There is no place anywhere on a Federation starship where Band-Aids are kept. Antibacterial ointment isn't even a thing they've heard of unless it's in a history book. Present Dr. Leonard McCoy with a needle and thread for stitches and you might get a glare somewhere on the line between incredulous and pitying (unless he's high on cordrazine, in which case you're likely to get a wild-eyed rant). If you're a Starfleet officer with a scrape, scratch, or cut, you can report to sickbay and get it all healed up before the blood's even dry, thanks to a particular handheld marvel of future technology.
Meet the dermal regenerator, which lives up to its name by firing a beam of energy designed not to destroy, but to repair: the special radiation it emits stimulates the dermis (layer of skin) to regenerate, growing literally before your eyes to heal superficial wounds. Who needs a Band-Aid or stitches when you can just regrow damaged skin? You wouldn't even need to slap antibacterial ointment on it afterwards; the skin is, after all, your body's first protection against the nastiness of the outside world anyway.
We've all known the pain and annoyance of getting a scrape and digging through the medicine cabinet looking for a Band-Aid or some ointment, only to come up empty. Fortunately for many of us, we can replace them by stopping at a drugstore the next time we leave the house. But what if you're in space? You're stuck with whatever got packed in the first aid kit, and it's not like they can just send some more up to you in the mail. NASA, being highly sensible about the need for a new way to provide wound care in environments where medical supplies might be in limited supply and hard to restock, seems to agree. This is probably why they signed some patent license agreements with a company called GRoK Technologies back in February to get started developing the technologies that could one day give us a dermal regenerator.
One of GRoK's ventures is something they call BioReplicates, which are 3D models of human parts — made out of human tissue. This is an incredibly important first step. Right now, the permissions surrounding human testing for new medical technologies are labyrinthine and laborious, though probably with good reason. If you can't test something on people, you can probably turn to animals, but there are two problems with that:
1. The first problem is that animals are different from humans. Their systems and organs aren't exactly the same as ours, so sometimes they react differently. Testing a particular chemical, technique, or technology on an animal could give us a general idea of how a living system might react, but it's not an exact 1:1 mapping.
2. The second problem is animal testing itself. True, sometimes it's the only way to get halfway decent scientific data when you're trying to test something, but on some level it just feels awful and barbaric.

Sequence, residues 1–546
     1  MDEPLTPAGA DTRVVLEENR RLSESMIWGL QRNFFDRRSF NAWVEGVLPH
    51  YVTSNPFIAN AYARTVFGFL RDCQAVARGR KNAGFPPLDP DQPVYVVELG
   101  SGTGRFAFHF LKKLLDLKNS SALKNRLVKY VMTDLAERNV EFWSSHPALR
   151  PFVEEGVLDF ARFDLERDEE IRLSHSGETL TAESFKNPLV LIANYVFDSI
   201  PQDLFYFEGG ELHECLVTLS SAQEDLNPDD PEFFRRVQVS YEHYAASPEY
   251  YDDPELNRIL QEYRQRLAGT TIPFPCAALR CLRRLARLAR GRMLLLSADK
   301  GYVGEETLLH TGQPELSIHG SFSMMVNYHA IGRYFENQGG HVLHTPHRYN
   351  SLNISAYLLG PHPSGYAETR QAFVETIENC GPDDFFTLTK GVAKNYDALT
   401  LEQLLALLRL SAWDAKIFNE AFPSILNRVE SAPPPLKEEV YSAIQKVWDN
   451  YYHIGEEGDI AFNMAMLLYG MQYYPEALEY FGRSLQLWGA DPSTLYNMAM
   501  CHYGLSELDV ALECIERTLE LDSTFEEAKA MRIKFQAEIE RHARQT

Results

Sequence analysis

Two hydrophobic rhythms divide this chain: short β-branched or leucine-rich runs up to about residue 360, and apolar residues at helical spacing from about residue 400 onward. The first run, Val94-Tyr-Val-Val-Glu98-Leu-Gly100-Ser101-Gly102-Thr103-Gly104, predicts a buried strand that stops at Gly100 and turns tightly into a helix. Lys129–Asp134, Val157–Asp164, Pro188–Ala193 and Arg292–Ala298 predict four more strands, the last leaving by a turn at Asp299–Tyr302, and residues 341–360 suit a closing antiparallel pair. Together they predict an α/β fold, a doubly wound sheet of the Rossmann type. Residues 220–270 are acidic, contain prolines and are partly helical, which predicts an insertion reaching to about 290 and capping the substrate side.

BioReplicates would change all this. Want to see how human skin would react to your new experimental healing ray? Try it out on a sheet of BioReplicate skin instead of shooting it at a nervous volunteer or a caged bunny! (Or on an uninhabited planet in the Omicron Delta region.)
One of GRoK's other technologies is called Scionic. Details on this one are scant, but the press release says it "could lead to the development of medical devices designed to target musculoskeletal pain and inflammation in humans and animals noninvasively and without the use of pharmaceuticals." If we had to guess — and this is just a guess — Scionic sounds like it might use focused sound waves to promote regeneration in bone and muscle tissue. If this sounds crazy to you, remember that one of the most-widely accepted theories on why cats purr is that the vibration aids in the healing process. But again, just a guess.
So Scionic might be using sound to heal. Can we use anything else to heal? How about lasers? Of course we can use lasers. Harvard's Wyss Institute has discovered that if you point a laser at a damaged rat tooth, it grows back more than it otherwise would without laser-zapping it. Laser light, it would seem, somehow sets off a chain reaction that stimulates dental stem cells to grow into new tooth material. They think it might have applications in other tissues than teeth — skin, anyone? But at last report, the researchers were busy setting up human trials to see if it works on our own teeth as opposed to those of rats.
The only downside we can see is that the laser wavelength they used is in the infrared range (around 700 nanometers), making it invisible to the naked eye. What if future testing reveals that the ideal laser wavelength required to promote skin healing turns out to be in the 400nm range — in other words...pinkish purple? Wouldn't that be an amazing coincidence!
Jon Sung is a contributing writer for XPRIZE and copywriting gun-for-hire to startups and ventures all over the San Francisco Bay area. When not wrangling words for business or pleasure, he serves as the captain of the USS Loma Prieta, the hardest-partying Star Trek fan club in San Francisco.
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